Average path length is 2.48 steps, a small number but equal to what is obtained from random graphs generated with same order and density. However, diameter is equal to 10, which is high compared to 4 in the random case. The fifty years of Rousseau’s life covered by Les Confessions lead to characters of the beginning and end of his life far away one from the other in terms of network distance. The comparison with random cases also yields an interesting result in the case of transitivity (closure of triplets of characters), which is equal to 0.299 against 0.038 in the random case, and global clustering coefficient equal to 0.724 against 0.038. These two results lead to assert that Rousseau links strongly characters between them in his narratives. According to (Watts et al., 1998), the network satisfies conditions to be considered as a “small-world” network (with possible discussion because of the high value of diameter).
Minus some noise on both sides, distribution of degrees of vertices and weights of edges show obvious power-law shape. Distribution of degrees has mode equal to 6, which is an interesting result since such a shape is common with many networks, but not a known results for literary or narrative networks. This implies that the author usually cite characters at least a few times, or with many other characters at the same time.

In (Newman et al. 2003), the authors define assortativity as the correlation of degrees of adjacent nodes. They conclude that social networks have positive assortativity, which is due to the frequent group structure observed on networks of this type. Assortativity of degrees computed on the network equals -0.114, while in the random case we obtain -0.006. In this work, we explore the potential explanations, from a possible bias introduced by the author, to a criticism of our method of creating the edges.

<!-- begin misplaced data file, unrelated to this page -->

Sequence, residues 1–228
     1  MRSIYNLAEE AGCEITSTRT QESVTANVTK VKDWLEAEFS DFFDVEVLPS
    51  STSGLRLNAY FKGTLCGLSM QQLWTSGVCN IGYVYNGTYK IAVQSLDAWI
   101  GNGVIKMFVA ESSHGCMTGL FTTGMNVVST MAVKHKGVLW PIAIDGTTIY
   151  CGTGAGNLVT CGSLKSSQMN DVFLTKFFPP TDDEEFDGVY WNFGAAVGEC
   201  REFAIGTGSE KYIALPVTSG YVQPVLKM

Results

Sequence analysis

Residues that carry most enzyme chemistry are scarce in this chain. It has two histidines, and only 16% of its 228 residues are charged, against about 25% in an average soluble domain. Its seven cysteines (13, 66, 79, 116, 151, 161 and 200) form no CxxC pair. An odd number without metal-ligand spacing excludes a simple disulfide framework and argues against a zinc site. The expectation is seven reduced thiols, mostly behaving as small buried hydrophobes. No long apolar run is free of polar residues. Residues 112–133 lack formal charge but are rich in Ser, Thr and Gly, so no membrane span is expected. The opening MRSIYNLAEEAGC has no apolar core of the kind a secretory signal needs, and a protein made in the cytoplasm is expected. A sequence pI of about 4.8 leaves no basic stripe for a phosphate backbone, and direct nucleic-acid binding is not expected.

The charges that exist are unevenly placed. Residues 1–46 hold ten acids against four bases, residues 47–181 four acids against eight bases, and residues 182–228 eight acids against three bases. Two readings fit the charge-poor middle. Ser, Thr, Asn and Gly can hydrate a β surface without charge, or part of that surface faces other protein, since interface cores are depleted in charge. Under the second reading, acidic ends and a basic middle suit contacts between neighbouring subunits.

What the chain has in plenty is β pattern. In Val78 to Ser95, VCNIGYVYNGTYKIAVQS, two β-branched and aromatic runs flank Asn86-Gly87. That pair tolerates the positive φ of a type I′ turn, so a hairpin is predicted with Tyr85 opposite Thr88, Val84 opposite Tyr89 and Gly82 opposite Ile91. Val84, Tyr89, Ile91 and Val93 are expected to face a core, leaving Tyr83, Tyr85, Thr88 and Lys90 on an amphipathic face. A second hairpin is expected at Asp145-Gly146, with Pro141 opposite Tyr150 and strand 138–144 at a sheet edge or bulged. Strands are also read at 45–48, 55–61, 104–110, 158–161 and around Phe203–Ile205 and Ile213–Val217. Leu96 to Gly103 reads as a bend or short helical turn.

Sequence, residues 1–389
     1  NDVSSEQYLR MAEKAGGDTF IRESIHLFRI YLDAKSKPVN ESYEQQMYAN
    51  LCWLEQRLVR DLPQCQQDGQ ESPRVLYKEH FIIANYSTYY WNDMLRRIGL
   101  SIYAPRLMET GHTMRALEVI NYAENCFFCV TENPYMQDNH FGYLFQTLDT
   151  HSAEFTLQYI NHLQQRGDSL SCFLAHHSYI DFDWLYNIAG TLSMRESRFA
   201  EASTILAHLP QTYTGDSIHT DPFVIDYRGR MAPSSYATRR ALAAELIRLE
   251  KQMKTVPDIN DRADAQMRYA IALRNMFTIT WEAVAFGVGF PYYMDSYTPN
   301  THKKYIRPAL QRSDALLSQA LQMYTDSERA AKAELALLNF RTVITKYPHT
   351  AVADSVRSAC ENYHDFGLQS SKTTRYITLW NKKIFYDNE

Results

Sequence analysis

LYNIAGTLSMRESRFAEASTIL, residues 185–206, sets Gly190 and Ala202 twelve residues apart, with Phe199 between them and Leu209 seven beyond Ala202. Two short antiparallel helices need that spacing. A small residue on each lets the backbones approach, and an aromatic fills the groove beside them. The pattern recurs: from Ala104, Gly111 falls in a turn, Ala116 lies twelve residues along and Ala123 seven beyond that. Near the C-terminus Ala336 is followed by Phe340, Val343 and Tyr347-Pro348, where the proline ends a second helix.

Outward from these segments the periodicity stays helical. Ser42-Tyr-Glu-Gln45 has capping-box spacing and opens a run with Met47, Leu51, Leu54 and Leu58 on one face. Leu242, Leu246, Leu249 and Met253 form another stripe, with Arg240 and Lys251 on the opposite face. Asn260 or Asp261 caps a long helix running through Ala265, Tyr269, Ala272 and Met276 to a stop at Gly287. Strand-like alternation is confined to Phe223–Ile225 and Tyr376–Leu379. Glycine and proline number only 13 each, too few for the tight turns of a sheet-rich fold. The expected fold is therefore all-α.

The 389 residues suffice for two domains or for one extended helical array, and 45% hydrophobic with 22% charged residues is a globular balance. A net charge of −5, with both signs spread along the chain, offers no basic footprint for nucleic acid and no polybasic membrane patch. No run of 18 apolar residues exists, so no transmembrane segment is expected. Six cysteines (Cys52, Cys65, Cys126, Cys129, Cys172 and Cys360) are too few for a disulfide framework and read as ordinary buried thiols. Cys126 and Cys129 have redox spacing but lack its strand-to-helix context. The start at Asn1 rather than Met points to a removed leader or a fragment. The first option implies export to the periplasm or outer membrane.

In the rest of the work, we still plan to show how the roles of protagonists can be identified, followed and compared via centrality indices like eigenvector centrality (centrality measure of a character depends on the ones from his neighbours, as it does with theirs). The question of dynamics of a literary network, linked to the chronological way Rousseau wrote the book, will also be considered.
Barabási, A.-L., and R. Albert (1999). Emergence of scaling in random networks. Science, 286(5439): 509–512.
Brandes, U., and T. Erlebach (2005). Introduction. In Network Analysis, volume 3418, pages 1–6. Berlin Heidelberg: Springer.
Mac Carron, P., and R. Kenna (2012). Universal properties of mythological networks. EPL (Europhysics Letters), 99(2): 28002, July 2012.
Elson, D. K. (2012). Modeling narrative discourse. Ph.D. thesis, Columbia University, New York City.
Elson, D. K., N. Dames, and K. R. McKeown (2010). Extracting social networks from literary fiction. In Proceedings of the 48th Annual Meeting of the Association for Computational Linguistics (ACL 2010), Uppsala, Sweden.
Marina, H., B. Ulrik, P. Jürgen, and M. Ines (2012). Studying Social Networks: A Guide to Empirical Research. Campus Verlag.
Moretti, F. (2011). Network theory, plot analysis. http://litlab.stanford.edu/?page_id=255
Newman, M. E. J., and J. Park (2003). Why social networks are different from other types of networks. Phys. Rev. E, 68(3): 036122, September 2003.
Wasserman, S., and K. Faust (1994). Social Network Analysis: Methods and Applications. Cambridge University Press, November 1994.
Watts, D. J., and S. H. Strogatz (1998). Collective dynamics of ‘smallworld’ networks. Nature, 393:440–442, June 1998.

If this content appears in violation of your intellectual property rights, or you see errors or omissions, please reach out to Scott B. Weingart to discuss removing or amending the materials.

Conference Info


ADHO - 2013
"Freedom to Explore"

Hosted at University of Nebraska–Lincoln

Lincoln, Nebraska, United States

July 16, 2013 - July 19, 2013

243 works by 575 authors indexed

XML available from https://github.com/elliewix/DHAnalysis (still needs to be added)

Conference website: http://dh2013.unl.edu/

Series: ADHO (8)

Organizers: ADHO